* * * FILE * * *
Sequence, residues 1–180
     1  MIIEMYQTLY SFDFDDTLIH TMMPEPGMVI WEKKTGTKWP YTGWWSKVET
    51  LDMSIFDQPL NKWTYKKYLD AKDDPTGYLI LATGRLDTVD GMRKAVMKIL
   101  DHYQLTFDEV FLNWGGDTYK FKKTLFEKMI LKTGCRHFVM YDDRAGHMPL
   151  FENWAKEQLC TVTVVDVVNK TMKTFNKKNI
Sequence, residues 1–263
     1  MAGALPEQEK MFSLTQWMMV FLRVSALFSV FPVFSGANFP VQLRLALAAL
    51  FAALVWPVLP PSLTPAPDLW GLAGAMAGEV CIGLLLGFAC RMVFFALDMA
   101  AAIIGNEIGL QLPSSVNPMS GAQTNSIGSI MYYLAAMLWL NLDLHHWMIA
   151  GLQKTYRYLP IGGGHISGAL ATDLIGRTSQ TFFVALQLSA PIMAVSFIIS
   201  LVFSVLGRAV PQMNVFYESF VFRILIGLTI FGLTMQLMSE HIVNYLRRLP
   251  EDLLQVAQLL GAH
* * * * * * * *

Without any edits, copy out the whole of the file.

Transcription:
Sequence, residues 1–180
     1  MIIEMYQTLY SFDFDDTLIH TMMPEPGMVI WEKKTGTKWP YTGWWSKVET
    51  LDMSIFDQPL NKWTYKKYLD AKDDPTGYLI LATGRLDTVD GMRKAVMKIL
   101  DHYQLTFDEV FLNWGGDTYK FKKTLFEKMI LKTGCRHFVM YDDRAGHMPL
   151  FENWAKEQLC TVTVVDVVNK TMKTFNKKNI
Sequence, residues 1–263
     1  MAGALPEQEK MFSLTQWMMV FLRVSALFSV FPVFSGANFP VQLRLALAAL
    51  FAALVWPVLP PSLTPAPDLW GLAGAMAGEV CIGLLLGFAC RMVFFALDMA
   101  AAIIGNEIGL QLPSSVNPMS GAQTNSIGSI MYYLAAMLWL NLDLHHWMIA
   151  GLQKTYRYLP IGGGHISGAL ATDLIGRTSQ TFFVALQLSA PIMAVSFIIS
   201  LVFSVLGRAV PQMNVFYESF VFRILIGLTI FGLTMQLMSE HIVNYLRRLP
   251  EDLLQVAQLL GAH